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Fri12192014

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Hijabi News Anchor Breaking Barriers

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Mnar Muhawesh“No one would hire me." These are the words she recalls the most –  the very words that continued to resonate in her ears as she completed her four year bachelor's in broadcasting.

"I had so many Muslim family members and friends tell me that no one would hire me." She explains this two days before Mnar Muhawesh starts her first day at UTVS, a local Minnesota TV station as a special reporter. Defying those very words and ideas, Muhawesh has become not only a representative for UTVS, rather a representative for Muslims and in particular Shias throughout the country. She has become a role model, being the first Hijabi to be on a local TV station as a special-reporter journalist in the entire United States, if not North America.

Every child at one point in their life fantasizes about who they want to be, what career they wish to pursue, and how they want to live their life – it's only natural. Muhawesh explains how, as a little child, she enjoyed watching the news with her parents. Throughout her high school life, she describes herself as a "news girl", someone who enjoyed debating politics and any other issues that were of importance to her. Living up to her dreams and presenting herself "in a modest yet friendly manner," Muhawesh has accomplished her childhood dream.

Being an individual who only recently (three years ago) started to observe the Hijab, the Muslim dress code, Muhawesh found her life changing in all directions. Upon adopting the Hijab, she says: "Allah has been the main driving force in me to do this because ever since I started to wear Hijab three years ago, I feel as if a million doors have opened for me." The Hijab – commonly misrepresented as a sign of oppression – has enabled Muhawesh to prove not only to herself, but also to many other people, that the Hijab is not a barrier.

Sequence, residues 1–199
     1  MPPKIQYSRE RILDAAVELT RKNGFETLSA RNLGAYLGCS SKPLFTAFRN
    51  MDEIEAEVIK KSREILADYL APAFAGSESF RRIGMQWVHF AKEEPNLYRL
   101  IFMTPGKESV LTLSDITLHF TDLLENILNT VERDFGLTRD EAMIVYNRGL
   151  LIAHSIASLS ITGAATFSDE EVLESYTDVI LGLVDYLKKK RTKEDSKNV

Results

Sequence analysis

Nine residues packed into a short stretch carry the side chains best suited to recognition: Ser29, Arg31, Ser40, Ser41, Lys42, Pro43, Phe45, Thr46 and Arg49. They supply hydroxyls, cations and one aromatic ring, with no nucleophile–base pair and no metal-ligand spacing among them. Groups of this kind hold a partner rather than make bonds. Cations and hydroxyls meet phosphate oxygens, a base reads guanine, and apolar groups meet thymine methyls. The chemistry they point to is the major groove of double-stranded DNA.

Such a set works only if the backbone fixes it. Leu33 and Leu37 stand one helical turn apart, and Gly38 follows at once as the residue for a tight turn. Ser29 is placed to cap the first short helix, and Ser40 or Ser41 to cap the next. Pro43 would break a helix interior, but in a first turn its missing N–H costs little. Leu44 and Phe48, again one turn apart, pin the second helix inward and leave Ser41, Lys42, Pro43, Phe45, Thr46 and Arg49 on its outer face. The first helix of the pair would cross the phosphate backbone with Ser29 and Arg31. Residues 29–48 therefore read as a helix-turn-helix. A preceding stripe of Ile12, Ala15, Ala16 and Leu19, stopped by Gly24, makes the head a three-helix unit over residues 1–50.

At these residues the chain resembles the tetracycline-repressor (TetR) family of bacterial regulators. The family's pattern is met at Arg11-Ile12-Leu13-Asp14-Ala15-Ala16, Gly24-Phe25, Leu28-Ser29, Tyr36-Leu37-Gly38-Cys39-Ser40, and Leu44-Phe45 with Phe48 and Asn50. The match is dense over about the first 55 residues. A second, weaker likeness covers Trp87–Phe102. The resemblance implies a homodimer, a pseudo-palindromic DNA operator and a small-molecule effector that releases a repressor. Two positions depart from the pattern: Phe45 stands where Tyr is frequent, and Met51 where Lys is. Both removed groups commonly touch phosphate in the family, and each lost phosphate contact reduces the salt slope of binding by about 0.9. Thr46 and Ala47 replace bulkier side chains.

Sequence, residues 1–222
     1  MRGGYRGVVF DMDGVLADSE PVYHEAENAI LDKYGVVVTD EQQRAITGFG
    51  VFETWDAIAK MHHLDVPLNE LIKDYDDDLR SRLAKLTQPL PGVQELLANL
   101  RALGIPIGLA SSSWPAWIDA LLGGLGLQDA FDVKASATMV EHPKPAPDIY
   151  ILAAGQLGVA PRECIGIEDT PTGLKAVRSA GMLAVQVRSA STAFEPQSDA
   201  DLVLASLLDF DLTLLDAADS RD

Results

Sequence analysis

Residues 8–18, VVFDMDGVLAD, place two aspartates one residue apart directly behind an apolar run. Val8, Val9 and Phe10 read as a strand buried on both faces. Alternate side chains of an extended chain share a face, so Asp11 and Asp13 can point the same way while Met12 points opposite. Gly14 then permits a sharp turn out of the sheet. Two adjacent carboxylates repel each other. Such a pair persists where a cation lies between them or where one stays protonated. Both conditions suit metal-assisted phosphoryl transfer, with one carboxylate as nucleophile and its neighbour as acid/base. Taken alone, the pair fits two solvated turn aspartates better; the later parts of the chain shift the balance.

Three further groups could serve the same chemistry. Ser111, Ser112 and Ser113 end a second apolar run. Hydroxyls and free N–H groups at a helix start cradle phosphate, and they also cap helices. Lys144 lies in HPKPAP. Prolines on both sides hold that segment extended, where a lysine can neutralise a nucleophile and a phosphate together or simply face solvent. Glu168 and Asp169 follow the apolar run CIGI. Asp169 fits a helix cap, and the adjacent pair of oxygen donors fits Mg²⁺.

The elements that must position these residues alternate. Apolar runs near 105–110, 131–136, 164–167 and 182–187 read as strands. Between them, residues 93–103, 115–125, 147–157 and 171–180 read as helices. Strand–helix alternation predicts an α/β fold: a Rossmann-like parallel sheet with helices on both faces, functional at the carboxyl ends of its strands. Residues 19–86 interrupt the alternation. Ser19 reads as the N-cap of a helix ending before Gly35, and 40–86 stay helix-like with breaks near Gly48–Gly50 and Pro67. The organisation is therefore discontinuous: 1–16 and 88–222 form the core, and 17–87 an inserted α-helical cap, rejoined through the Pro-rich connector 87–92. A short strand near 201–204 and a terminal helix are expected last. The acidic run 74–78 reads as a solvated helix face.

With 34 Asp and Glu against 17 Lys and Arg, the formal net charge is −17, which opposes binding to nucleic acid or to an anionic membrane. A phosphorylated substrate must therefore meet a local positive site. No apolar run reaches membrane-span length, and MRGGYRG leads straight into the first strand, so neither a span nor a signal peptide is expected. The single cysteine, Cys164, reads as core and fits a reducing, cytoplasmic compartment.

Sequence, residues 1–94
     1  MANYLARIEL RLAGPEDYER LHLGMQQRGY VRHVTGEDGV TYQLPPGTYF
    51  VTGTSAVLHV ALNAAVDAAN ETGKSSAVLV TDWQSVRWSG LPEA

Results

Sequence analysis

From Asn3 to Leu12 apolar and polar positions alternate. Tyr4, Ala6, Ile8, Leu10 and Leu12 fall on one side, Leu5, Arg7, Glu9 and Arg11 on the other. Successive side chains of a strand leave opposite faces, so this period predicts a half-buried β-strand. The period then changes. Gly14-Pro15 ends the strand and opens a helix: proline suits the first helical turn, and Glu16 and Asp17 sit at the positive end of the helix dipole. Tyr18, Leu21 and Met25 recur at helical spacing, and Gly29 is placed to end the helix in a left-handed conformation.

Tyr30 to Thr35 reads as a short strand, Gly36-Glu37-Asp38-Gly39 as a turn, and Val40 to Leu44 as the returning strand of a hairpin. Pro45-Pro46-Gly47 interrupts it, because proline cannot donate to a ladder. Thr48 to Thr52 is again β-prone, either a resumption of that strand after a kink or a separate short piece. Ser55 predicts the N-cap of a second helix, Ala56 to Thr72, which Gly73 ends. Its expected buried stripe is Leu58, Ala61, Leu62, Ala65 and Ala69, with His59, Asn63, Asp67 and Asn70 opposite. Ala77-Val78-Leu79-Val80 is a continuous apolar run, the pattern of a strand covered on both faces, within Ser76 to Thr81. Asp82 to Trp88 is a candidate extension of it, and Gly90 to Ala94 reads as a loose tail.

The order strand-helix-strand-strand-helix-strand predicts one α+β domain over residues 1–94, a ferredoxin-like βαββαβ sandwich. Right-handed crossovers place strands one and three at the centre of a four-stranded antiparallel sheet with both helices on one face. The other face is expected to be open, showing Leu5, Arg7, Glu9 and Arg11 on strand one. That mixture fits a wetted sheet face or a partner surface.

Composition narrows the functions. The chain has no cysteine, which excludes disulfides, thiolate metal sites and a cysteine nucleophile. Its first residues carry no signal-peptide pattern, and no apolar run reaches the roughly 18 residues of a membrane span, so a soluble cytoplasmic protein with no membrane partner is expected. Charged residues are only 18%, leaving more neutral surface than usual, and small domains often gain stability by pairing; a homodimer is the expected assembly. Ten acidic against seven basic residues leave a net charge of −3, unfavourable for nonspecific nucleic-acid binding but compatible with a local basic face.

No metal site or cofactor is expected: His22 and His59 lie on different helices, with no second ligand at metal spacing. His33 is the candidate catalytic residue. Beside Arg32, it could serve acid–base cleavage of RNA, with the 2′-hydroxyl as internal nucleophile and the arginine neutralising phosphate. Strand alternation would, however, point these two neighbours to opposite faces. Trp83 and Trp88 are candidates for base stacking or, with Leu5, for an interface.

Explaining what the purpose of her job is, Muhawesh says she feels "as though work in journalism is almost essential to the survival of a good Muslim representation." Through various propaganda and actions by so-called 'Muslims', the image of Islam has been much deteriorated in the western media.

"Many non-Muslims don’t even know Muslim sisters like me even exist," Muhawesh explains. She says she feels that the need for Muslims to take on a career in which they will be able to propagate the true Islam and the ideals that Islam really stands for is imperative.

Taking this opportunity, as the first Hijabi news anchor in the country, Muhawesh has a lot to say to those considering the career.

"If you know what you are doing is going to make a difference for Muslims, then do it," she says. The need for Muslim, especially Shia, journalists has become crucial in the Western world, Muhawesh feels. "[We] as Muslims are not represented equally as we should be, and as long as Muslims avoid journalist careers, then the voice of the Muslims will rarely be heard or even understood," she adds.

Many Shia scholars, including the prominent Sayyid Muhammad Rizvi of Toronto, have stressed the need to enter the world of journalism. Being the mainstream source of media, journalists are gifted with that ability to let the world know what Islam and Shi'ism really stand for. As Muhawesh puts it "Alhamdullila I feel like God has given me a mission in life to represent Muslims in the one country that is fighting a war against Islam, yet the one country that is giving opportunity to everyone. I am taking advantage of this opportunity and will Insha'Allah help Muslims everywhere."

Author of this article: Abbas Lakha
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